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Small town backs 'sweep'


CRISFIELD -- Voters in this tiny Eastern Shore town ousted their longtime mayor and two City Council members yesterday, electing a slate that promised to scrap a deal that put a private firm in charge of redevelopment projects.

Many voters said they were angry that the council gave a no-bid, six-year contract to manage town development to a company run in part by a former legislator. Others said they were simply worried about change in a community once marked by seafood industry jobs and now struggling, even as new condominiums have gone up on the waterfront.

"I'm not thrilled with all the condos - I liked Crisfield the way it was," said Leighann Schoffstall, a 25-year-old preschool teacher, echoing the comments of others leaving the town's single polling place at City Hall yesterday.

With more than half of the 1,600 registered voters casting ballots in the nonpartisan election, the town chose Councilman Percy J. Purnell Jr. to be the new mayor, replacing veteran Mayor Richard Scott.

Raymond Anderson, Barry Dize and Kimberly Lawson won spots on the five-member council, ousting two incumbents and filling a third seat in which a councilwoman did not seek re-election because of the dispute.

"I knew eight or nine months ago that this issue wasn't being handled correctly," Purnell said of city development efforts. "I knew if people had a chance to vote on it, they'd vote this way. You can't do contracts without bids."

Scott left City Hall as soon as the votes were counted.

At least 200 supporters of the reform effort cheered outside City Hall when the results were announced.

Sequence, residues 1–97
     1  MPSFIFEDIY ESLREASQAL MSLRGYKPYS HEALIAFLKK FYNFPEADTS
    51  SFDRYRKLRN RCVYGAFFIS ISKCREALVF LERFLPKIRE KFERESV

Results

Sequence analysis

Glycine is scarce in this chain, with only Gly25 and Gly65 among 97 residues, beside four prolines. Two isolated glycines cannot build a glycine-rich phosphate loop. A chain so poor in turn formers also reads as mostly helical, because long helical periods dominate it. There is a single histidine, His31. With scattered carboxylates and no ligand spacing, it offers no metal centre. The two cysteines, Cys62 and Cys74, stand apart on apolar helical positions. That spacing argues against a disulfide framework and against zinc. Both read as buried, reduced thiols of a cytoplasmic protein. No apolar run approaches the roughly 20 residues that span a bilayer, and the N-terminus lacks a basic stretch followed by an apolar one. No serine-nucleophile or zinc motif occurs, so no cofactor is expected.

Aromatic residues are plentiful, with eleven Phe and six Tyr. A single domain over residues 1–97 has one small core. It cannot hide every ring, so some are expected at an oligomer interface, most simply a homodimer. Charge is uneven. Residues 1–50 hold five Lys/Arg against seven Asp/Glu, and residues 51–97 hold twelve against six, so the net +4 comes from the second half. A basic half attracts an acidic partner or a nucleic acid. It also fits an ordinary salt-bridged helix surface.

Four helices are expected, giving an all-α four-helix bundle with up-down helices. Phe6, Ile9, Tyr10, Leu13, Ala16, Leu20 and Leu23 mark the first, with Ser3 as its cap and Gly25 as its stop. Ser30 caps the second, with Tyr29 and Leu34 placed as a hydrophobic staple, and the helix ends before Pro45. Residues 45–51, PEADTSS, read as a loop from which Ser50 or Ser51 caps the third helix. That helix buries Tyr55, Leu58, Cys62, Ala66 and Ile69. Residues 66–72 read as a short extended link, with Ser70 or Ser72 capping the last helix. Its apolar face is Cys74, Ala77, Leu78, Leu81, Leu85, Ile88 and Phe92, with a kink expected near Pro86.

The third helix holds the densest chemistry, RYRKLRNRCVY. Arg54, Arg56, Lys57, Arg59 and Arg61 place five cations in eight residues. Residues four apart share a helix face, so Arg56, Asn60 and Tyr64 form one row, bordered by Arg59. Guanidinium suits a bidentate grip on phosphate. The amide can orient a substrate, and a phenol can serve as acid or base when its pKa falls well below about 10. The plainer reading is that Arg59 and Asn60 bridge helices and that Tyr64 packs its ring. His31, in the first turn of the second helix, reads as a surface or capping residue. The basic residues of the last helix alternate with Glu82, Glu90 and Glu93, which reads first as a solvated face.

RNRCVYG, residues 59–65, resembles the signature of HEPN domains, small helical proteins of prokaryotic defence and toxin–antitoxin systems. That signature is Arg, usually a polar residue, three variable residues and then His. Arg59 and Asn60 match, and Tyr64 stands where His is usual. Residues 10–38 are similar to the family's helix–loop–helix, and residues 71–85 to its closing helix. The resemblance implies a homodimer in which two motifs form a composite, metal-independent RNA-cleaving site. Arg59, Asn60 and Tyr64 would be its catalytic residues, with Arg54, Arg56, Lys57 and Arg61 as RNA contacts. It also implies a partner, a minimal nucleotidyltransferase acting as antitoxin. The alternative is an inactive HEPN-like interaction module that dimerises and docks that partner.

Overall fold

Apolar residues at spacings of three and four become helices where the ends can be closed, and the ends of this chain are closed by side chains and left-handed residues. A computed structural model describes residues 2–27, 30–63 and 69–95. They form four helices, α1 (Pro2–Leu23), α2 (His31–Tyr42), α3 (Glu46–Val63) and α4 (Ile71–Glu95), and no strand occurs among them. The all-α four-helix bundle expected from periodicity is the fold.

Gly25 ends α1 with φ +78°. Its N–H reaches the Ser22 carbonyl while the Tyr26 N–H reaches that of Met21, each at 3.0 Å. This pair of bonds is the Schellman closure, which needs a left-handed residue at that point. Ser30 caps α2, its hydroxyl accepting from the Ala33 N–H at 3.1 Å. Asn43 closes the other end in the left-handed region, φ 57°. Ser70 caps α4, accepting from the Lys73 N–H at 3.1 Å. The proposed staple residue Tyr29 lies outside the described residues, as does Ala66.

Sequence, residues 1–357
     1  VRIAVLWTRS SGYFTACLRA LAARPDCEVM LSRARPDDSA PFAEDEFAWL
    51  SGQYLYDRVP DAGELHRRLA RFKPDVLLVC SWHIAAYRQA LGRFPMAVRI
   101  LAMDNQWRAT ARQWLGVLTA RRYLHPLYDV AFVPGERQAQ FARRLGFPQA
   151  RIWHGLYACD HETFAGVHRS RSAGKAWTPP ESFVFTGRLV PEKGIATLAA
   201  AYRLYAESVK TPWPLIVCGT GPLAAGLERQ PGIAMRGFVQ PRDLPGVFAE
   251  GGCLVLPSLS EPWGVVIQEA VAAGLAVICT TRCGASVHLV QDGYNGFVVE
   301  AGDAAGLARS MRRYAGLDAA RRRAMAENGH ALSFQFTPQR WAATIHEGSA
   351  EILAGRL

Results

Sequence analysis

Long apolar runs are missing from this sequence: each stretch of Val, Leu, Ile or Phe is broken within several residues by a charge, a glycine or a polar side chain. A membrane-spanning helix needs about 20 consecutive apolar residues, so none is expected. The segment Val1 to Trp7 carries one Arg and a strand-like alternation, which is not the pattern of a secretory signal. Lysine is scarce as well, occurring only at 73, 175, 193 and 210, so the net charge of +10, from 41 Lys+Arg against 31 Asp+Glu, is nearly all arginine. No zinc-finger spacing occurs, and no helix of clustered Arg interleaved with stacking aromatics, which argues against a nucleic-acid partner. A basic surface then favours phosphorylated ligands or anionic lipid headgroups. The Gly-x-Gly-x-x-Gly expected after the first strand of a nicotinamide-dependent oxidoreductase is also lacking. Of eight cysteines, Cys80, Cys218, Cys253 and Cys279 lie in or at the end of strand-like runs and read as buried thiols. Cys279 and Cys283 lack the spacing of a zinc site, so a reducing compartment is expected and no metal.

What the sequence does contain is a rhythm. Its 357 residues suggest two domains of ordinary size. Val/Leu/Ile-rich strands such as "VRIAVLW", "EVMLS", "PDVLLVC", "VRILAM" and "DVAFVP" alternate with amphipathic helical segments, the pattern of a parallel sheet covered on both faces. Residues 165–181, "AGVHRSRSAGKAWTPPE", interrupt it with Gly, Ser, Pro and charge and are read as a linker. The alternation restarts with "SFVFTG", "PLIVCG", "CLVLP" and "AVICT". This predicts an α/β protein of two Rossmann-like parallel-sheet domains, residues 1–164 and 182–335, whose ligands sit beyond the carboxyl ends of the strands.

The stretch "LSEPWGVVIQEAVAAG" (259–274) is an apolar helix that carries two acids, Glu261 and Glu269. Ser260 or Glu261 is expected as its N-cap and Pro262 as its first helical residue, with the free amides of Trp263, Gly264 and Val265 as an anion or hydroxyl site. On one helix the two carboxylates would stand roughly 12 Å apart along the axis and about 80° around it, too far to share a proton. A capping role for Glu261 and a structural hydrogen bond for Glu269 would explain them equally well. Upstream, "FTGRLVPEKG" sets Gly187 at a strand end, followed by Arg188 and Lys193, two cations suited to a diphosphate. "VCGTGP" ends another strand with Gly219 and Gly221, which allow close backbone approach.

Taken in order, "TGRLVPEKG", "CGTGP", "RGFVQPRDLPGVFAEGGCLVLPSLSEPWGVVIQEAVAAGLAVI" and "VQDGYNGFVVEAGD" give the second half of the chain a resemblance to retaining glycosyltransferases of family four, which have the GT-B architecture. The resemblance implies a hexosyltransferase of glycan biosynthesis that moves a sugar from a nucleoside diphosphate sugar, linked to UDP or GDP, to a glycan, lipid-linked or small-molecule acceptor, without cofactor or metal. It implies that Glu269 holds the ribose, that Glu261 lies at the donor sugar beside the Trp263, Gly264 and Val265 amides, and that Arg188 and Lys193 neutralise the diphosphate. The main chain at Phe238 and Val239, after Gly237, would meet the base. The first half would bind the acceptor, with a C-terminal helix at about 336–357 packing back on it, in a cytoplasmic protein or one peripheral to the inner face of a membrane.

"It's a little sad to see some of the people who served the town for a long time lose," said Steve Marshall, chairman of the city planning commission, who supported the reformers. But he said the election's outcome was what Crisfield needed. "Change is a good thing for the city," he said.

With temperatures in the 90s, voters passed bright tents set up on the parking lot by Concerned Citizens of Crisfield, a coalition of business and civic leaders that backed the reform slate.

For weeks, the citizens group had billed this as a watershed election. Volunteers put up banners urging voters to support a "Clean Sweep." Others posted red-and-white banners that said "Democracy is Dead" in Crisfield.

Concern stemmed from a six-year agreement between the city of 2,700 and Crisfield Associates LLC. The firm is headed by Joseph J. Corrado Sr. and Charles A. McClenahan, a former Republican state delegate who represented Crisfield in Annapolis for 11 years.

Approved March 29 at a tense City Council meeting, the contract was billed as a public-private partnership. The company agreed to pay $600,000 for a study that would serve as a master plan for revitalizing the once-prosperous seafood town.

In return, the deal called for Crisfield Associates to manage redevelopment and said the company would get a share of profits from projects on city-owned property.

Purnell and the three incoming council members all said during the campaign that they would rescind the contract if elected.

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